Are Docker and Kubernetes friends? Maybe. Are they partners? Definitely. Many tech companies have a shared interest in promoting the successful adoption of cloud-native technologies. As Diane Mueller, Red Hat’s Director of Community Development for OpenShift recently wrote on Twitter, “Everyone and everything is connected, nothing wrong with cross-community collaboration #everybodywins.”
On today’s episode of The New Stack Analysts, Scott Ottaway, Research Director for DevOps, Cloud Application Platforms and Open Source at IDC joins Alex and Lawrence to discuss partnerships and alliances in the cloud-native ecosystem. Scott provides context into how and why companies enter into relationships with larger cloud providers. Deep into the conversation, Scott thinks about the relative position of Kubernetes, Mesosphere and Docker’s orchestration capabilities.
Scott is very diplomatic but we all laughed when he said: “There’s a whole bunch of dogs that won’t hunt when you see joint press releases.”
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15:10: Valuable perspectives about partnerships can be found by asking: 1) Where is the technology innovation happening? 2) Where is the customer demand? Can the customers adopt the technologies?
19:25: Open source foundations. Microsoft and VMware joined the Cloud Native Computing Foundation (CNCF). Scott explains why AWS doesn’t usually join the foundation. Instead, they rather build their own solution, or if there is customer demand taking the output and including it into a managed service. AWS may support open source, but it is a strategic decision instead of a philosophical commitment.
23:35: AWS may support open source, but it is really customer-first so it has also embraced the entire Windows stack. Announcements at Google Next demonstrated a similar strategy.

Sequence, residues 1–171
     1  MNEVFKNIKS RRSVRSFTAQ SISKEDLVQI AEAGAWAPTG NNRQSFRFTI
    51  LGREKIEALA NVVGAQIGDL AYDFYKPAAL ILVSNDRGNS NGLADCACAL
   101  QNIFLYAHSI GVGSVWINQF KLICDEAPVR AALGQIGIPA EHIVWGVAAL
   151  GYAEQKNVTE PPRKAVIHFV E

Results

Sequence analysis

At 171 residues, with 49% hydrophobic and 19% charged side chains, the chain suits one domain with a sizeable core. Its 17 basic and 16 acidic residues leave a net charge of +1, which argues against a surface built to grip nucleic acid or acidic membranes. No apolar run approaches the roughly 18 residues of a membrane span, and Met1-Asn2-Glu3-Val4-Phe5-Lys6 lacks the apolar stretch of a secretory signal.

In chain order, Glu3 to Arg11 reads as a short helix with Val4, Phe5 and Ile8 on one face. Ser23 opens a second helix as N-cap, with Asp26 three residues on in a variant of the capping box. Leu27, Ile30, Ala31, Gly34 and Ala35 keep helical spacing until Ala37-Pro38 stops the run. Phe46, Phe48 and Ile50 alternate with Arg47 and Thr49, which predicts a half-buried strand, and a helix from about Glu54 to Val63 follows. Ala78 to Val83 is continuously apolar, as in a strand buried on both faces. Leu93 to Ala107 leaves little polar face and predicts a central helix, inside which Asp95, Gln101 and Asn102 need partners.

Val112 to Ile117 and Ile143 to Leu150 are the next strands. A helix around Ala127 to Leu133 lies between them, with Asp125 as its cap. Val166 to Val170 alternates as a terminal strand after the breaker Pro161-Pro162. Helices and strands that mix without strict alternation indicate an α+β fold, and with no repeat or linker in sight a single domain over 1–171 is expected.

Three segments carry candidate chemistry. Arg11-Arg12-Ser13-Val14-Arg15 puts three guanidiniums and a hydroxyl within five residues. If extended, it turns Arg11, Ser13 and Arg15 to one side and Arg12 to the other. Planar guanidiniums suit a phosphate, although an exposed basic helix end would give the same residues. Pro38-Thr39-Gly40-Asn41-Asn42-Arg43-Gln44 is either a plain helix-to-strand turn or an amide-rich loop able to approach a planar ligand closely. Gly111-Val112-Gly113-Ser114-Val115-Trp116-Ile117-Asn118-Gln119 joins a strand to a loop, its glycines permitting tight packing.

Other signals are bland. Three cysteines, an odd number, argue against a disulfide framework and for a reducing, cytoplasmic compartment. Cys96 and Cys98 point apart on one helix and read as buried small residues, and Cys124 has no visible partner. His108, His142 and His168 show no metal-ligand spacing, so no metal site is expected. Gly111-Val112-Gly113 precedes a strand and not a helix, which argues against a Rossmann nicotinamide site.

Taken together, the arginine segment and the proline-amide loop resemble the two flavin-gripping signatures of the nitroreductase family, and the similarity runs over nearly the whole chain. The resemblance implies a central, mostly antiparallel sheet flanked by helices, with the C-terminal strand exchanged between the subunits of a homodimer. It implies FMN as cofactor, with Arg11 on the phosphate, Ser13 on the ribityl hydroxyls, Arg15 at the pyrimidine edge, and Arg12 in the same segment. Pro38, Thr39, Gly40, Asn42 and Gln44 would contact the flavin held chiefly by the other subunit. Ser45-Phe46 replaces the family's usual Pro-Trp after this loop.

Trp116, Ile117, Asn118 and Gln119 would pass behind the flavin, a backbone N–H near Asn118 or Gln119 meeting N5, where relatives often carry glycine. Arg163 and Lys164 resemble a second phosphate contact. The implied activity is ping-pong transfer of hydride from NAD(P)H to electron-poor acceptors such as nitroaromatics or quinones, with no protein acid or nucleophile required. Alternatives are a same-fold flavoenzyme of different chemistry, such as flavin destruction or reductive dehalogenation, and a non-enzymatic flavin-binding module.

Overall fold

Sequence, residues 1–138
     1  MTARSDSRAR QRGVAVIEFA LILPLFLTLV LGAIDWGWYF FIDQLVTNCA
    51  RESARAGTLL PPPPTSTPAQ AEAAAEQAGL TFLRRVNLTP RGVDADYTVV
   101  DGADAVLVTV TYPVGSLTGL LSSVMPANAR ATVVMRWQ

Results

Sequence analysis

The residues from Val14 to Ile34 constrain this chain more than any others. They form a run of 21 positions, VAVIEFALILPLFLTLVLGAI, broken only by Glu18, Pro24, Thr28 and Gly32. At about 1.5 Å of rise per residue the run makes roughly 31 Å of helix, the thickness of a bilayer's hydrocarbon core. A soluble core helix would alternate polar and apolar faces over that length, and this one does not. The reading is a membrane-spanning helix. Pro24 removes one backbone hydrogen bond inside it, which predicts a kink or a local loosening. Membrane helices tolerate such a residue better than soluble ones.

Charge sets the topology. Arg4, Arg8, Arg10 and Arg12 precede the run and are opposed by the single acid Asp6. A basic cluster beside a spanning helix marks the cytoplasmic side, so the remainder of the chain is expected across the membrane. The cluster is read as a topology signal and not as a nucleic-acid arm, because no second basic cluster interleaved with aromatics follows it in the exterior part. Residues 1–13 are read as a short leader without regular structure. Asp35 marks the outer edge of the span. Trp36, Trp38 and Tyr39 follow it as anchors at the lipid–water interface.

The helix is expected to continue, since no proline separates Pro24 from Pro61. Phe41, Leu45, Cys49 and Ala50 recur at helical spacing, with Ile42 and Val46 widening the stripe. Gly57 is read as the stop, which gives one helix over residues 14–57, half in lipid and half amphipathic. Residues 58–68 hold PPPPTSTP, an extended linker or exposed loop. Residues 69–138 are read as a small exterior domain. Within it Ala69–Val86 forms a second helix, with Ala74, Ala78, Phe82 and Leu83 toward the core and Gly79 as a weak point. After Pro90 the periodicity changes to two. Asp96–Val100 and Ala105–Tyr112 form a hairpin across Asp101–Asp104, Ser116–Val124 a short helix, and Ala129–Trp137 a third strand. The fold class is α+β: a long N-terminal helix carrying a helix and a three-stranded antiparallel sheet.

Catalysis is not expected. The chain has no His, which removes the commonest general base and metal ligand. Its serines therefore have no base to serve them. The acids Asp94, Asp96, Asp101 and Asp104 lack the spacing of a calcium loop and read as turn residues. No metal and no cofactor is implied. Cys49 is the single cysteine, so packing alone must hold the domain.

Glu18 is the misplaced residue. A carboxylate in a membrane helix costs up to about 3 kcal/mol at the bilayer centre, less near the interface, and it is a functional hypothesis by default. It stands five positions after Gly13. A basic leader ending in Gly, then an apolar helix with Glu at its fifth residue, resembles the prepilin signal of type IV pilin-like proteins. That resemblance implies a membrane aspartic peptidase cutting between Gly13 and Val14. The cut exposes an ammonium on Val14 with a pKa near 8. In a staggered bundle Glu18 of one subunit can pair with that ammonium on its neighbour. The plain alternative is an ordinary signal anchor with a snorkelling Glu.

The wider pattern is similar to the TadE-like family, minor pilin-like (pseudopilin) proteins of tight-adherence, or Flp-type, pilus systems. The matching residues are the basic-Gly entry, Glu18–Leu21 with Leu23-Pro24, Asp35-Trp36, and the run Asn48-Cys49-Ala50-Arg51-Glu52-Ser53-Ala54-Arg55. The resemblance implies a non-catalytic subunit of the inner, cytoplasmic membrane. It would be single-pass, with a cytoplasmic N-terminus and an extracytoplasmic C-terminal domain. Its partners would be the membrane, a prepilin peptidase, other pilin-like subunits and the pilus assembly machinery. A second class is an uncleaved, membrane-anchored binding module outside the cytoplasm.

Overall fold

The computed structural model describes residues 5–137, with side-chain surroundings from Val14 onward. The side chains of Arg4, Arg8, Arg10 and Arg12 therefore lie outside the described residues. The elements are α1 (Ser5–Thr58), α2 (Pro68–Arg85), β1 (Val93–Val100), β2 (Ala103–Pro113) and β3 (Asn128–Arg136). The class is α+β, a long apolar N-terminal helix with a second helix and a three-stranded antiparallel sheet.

25:50: Containers. Google, CoreOS, CNCF and Docker. Red Hat is in the middle.
30:30: Microsoft’s hybrid strategy. Later in the podcast, Microsoft is looking for the broadest platform possible for Azure customers. They are taking a customer point of view that considers: 1) what people want for a greenfield cloud-native approach and 2) development velocity.
39:30: Reasons to partner Docker vs. Kubernetes. Listen to get context, but Scott says this is “different companies driving their agenda… manifesting itself in the technology.” Companies that target enterprises may focus on partnering with Docker. In contrast, if you are going after start-ups Kubernetes may be the choice. The hyper-scale cloud providers are going to support what the customers want.
50:00: Are companies just paying lip service, or is the partnership strategic?
54:00: “If you’ve been in business development, there are dogs that will hunt and there are dogs that won’t hunt. There’s a whole bunch of dogs that won’t hunt when you see joint press releases.” Scott points out things to look at to see if there is a real commitment. For example, is the company investing in support? Are there plans to integrate advanced cloud services? Is the sales force actually pitching the partner’s offering?
57:10: Scott is actively monitoring the following trends:
1) Developer tools are quickly embracing ways to easily deploy to VMs or containers (and his colleague Larry Carvalho told us functions).
2) Application management, reporting and the use of machine learning in monitoring.
3) Security and compliance.
CoreOS, Cloud Native Computing Foundation, Mesosphere and Red Hat Openshift are sponsors of The New Stack.